To check the hypothesis the computer compares the value for the observed F [12.72] to theexpected value for F-observed given the number of groups and the sample sizes. If this is arare event [it will be unusually large is Ho is not true] we will reject Ho. To determine if Fobserved is unusual, we need to look at the (Sig)nificance of the F value [often called the Pvalue]. If this value is less than .05, it means that a score this large would occur less than 5%of the time [or 1 in every 20 trials] and we will consider it sufficiently rare. The smaller thisvalue gets the more rare the score and the more certain we can be that the null hypothesis isincorrect. In the case of above example, we can be confident that if we reject the nullhypothesis, there is less than a 1 in a 1000 chance that we would be incorrect. We limitourselves to 1 in a 1000 as [Sig .000] does not mean that the probability of getting a scorethis large is zero, just that its equal to zero at three significant figures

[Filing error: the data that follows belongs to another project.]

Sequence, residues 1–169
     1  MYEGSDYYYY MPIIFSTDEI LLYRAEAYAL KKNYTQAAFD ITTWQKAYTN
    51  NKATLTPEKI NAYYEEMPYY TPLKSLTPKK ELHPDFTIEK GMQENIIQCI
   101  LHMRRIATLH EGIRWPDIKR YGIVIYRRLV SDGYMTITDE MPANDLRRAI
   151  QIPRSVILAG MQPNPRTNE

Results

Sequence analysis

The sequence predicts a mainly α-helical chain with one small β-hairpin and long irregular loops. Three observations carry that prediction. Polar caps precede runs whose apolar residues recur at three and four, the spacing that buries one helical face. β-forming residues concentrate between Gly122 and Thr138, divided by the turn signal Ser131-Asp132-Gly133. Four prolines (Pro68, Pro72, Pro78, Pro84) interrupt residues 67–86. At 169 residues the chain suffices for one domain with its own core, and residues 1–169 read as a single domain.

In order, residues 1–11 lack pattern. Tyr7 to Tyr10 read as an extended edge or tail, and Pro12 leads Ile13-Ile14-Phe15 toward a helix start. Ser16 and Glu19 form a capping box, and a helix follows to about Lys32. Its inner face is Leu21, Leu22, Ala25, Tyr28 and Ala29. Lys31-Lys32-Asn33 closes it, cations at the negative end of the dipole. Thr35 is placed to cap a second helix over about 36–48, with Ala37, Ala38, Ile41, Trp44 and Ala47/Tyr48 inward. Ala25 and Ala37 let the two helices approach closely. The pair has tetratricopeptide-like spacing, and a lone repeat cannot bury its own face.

Multiple ComparisonsPost hoc TestsUsing ANOVA table we reject the null hypothesis and conclude that at least one mean isdifferent from the others. The next question is how they are different. To answer thisquestion:1. Start by going to Stat ANOVA One Way.2. Select Comparisons3. Select the first option, Tukey’sfamily error rateUnderstanding theoutput:The first set of numbersprovides the overallresults of the test,organizing in order thedifferent means of thegroups. The lettersdenote statisticallysignificant differencesbetween the groups.The subsequentsections show theindividual confidenceintervals for each group.